The story of CHAIN 1977 -2012
by Ron Rowlands
HISTORY OF CHAIN
Neighbourhood Scheme (Links)
The Fry Bequest
Town (Events) diary
Survey of over 60s – 1983
Other ‘snippets’ of information.
QUEEN’S GOLDEN JUBILEE AWARD
Office & Links
2021 Some Updates
Luncheon Club The need for regular lunches for the elderly was identified in the 1983 survey undertaken by Angela Kingsbury and an agenda notice for a meeting to be held on 9th April 1984 reads:-
Luncheon Club – to be co-ordinated by Bobbie Winser.
For starters – a ‘one off’ lunch to determine plans for the future, asking questions about time? place? cost? day of week etc.
We will need volunteers to help prepare and serve this meal initially.
A year and a half later Bobbie Winser produced an excellent paper on the
HISTORY & OBJECTIVES OF CHAIN LUNCH CLUB
In 1984 a start was made. As no catering facilities existed at Croft Hall a splendid meal was cooked by ten different cooks at home, and served by volunteers to about 50. Crockery and cutlery etc were hired. Plates were kept warm in insulated bins and it was all a great success.
At £1 a head it was heavily subsidised by CHAIN but we were able to attract a marvellous cross section of over 60s and get their views on whether they thought we were on the right lines. It was a very happy occasion. The only complaint was that the servings of vegetables were over generous!
In the same way we served a full Christmas Lunch (turkey cooked by Geoff of Three Swans) in December 1984, crackers included, in a hall beautifully decked out (Thank you decorator and Mr Haddrell).
As we wanted to keep the idea alive we arranged to meet in an Inn until we could cater at Croft Hall. So, since May 1984 about 25 have sat down to super meals at The Three Swans, The Lamb or The John O’Gaunt every month. Thank you.
The demand to meet in Croft Hall has continued so we put our backs into getting the kitchen at Croft Hall equipped for cooking and serving hot meals.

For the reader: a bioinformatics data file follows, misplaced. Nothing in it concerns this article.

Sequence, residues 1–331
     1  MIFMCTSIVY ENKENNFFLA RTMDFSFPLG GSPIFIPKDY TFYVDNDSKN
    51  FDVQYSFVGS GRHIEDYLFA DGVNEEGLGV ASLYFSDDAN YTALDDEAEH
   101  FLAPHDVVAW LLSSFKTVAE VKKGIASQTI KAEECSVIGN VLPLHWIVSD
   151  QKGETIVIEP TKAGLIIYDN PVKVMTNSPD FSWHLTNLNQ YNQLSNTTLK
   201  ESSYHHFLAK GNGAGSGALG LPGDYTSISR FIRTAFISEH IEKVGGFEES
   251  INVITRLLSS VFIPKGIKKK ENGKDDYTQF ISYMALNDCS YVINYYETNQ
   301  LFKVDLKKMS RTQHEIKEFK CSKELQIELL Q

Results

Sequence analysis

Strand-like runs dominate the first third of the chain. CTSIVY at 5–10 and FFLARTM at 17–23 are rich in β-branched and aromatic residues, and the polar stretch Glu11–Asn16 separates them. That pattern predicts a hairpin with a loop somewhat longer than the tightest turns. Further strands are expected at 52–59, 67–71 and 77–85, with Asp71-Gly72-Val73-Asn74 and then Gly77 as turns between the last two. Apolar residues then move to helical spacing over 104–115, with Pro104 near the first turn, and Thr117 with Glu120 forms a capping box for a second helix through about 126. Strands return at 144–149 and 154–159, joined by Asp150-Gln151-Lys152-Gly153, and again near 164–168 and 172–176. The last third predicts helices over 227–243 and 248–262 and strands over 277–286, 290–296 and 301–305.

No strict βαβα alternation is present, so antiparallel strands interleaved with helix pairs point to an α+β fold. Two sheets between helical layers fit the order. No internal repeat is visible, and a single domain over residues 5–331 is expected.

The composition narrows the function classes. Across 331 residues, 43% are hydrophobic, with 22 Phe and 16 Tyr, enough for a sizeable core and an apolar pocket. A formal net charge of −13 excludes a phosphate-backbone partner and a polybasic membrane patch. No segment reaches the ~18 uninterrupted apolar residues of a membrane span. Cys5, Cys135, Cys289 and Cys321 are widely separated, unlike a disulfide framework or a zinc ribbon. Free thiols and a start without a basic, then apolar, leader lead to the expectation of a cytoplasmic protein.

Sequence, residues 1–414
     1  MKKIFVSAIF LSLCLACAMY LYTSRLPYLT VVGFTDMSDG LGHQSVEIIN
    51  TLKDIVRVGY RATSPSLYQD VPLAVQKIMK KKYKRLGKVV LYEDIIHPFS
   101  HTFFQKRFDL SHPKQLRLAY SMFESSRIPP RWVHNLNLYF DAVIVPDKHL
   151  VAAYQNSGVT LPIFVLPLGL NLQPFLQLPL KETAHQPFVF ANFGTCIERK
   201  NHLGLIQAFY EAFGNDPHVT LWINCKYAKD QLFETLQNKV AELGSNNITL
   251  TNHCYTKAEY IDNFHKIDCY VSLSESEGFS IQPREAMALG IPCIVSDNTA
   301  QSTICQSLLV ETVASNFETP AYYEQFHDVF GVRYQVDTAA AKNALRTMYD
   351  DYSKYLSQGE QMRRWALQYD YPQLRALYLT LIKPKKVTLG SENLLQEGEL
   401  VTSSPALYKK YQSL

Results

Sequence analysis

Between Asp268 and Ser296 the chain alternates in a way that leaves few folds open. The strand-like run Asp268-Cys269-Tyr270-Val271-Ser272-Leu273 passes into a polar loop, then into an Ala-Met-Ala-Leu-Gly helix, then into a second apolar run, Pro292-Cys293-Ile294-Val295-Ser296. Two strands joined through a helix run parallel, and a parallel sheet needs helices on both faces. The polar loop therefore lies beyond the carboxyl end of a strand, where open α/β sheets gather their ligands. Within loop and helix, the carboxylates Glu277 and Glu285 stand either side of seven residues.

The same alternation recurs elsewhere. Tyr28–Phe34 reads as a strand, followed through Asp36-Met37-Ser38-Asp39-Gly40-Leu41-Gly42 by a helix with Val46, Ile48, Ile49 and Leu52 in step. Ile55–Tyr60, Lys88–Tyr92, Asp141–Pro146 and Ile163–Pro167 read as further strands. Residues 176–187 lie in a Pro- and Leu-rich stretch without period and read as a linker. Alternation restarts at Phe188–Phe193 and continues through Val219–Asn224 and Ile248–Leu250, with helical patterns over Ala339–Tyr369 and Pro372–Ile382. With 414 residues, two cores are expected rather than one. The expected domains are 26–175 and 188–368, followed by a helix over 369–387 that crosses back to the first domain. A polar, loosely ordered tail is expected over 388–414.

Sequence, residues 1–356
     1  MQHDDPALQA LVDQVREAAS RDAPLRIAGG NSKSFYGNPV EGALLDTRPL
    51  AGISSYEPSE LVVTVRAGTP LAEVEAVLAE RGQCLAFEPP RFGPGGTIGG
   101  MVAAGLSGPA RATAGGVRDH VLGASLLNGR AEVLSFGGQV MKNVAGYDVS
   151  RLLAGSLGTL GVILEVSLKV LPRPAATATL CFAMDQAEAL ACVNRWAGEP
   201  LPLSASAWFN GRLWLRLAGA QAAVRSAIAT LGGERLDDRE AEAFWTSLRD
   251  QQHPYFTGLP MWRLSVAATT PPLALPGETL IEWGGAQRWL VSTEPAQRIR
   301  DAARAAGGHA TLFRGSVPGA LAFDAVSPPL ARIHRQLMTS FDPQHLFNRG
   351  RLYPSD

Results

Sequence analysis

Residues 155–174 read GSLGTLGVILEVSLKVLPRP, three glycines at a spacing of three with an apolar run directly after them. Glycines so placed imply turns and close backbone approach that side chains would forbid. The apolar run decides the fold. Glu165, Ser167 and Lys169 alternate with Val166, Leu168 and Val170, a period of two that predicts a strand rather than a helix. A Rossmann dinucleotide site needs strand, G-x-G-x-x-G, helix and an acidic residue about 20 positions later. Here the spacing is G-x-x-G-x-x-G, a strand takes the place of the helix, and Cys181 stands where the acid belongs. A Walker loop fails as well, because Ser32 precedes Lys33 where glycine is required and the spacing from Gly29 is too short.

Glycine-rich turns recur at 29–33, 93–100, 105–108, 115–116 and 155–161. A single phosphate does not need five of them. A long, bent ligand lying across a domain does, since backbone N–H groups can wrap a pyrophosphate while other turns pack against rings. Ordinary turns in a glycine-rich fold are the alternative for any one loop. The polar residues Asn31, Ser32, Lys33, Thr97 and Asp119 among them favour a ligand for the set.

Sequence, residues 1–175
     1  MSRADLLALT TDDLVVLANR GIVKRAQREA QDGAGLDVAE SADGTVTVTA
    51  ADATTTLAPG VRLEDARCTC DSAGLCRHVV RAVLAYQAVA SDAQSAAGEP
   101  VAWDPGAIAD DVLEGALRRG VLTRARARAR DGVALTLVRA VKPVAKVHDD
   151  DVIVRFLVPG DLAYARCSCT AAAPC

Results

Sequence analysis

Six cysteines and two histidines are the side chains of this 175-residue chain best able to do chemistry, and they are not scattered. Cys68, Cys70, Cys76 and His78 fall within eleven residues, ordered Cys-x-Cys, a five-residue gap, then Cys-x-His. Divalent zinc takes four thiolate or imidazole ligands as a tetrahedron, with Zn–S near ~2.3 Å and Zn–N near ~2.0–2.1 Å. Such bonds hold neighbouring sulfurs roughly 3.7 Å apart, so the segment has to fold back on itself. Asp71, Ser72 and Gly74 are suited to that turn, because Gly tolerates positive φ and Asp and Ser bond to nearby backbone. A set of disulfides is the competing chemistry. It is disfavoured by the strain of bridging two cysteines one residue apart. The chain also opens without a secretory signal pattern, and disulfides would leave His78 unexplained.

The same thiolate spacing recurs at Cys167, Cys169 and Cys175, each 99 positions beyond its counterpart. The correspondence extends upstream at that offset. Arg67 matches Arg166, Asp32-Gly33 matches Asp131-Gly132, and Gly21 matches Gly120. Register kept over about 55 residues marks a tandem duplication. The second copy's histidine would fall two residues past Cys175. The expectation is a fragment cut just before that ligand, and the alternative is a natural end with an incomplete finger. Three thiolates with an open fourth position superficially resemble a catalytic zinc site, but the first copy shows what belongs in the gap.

The Croft Hall Trustees had a major and expensive priority to repair the structure of this well-loved community asset, then known as Church House, and were obviously not able give more than moral support
So, with generous help of individuals, The Town and Manor, the Town Council, Round Table, St Lawrence’s Social Committee and CHAIN’s own funds, we supplied:-
A full place setting of cutlery, glasses and crockery for 100.
Two second hand domestic gas stoves.
Kitchen equipment to a value of £225. (+valuable free gifts from ‘Seconds’).
£100 towards the cost of new cupboards put in by the Trustees.
We cooked our first hot meal (Roast Pork, Roast Potatoes, Stuffing, Gravy, Carrots; Ice Cream and Fruit Salad; Tea) in September 1985, limited to 25. The tables were gaily decorated and the food delicious at a cost of £1.60 per head.
A further lunch is planned for October 17th. In the meantime there have been two problems. Our cook has been unable to refuse a full time job and her replacement can only help until December as she is expecting a baby. One of the two cookers has a defective thermostat and requires an overhaul – at a cost estimated at £88.
We are grateful to the Mothers’ Union for the use of their cupboard for our kitchen stores and equipment. It’s a good start. The Trustees agree the need for the wiring of new power points for electrical equipment and even more cupboards. If the kitchen is to be used for other Community Catering, we really need a proper gas range; there should be an extractor fan and so on but at least we are in business.
Croft Hall has now been booked on the third Thursday of every month at least until the end of 1986 (exception: December 1985- on Friday 13th)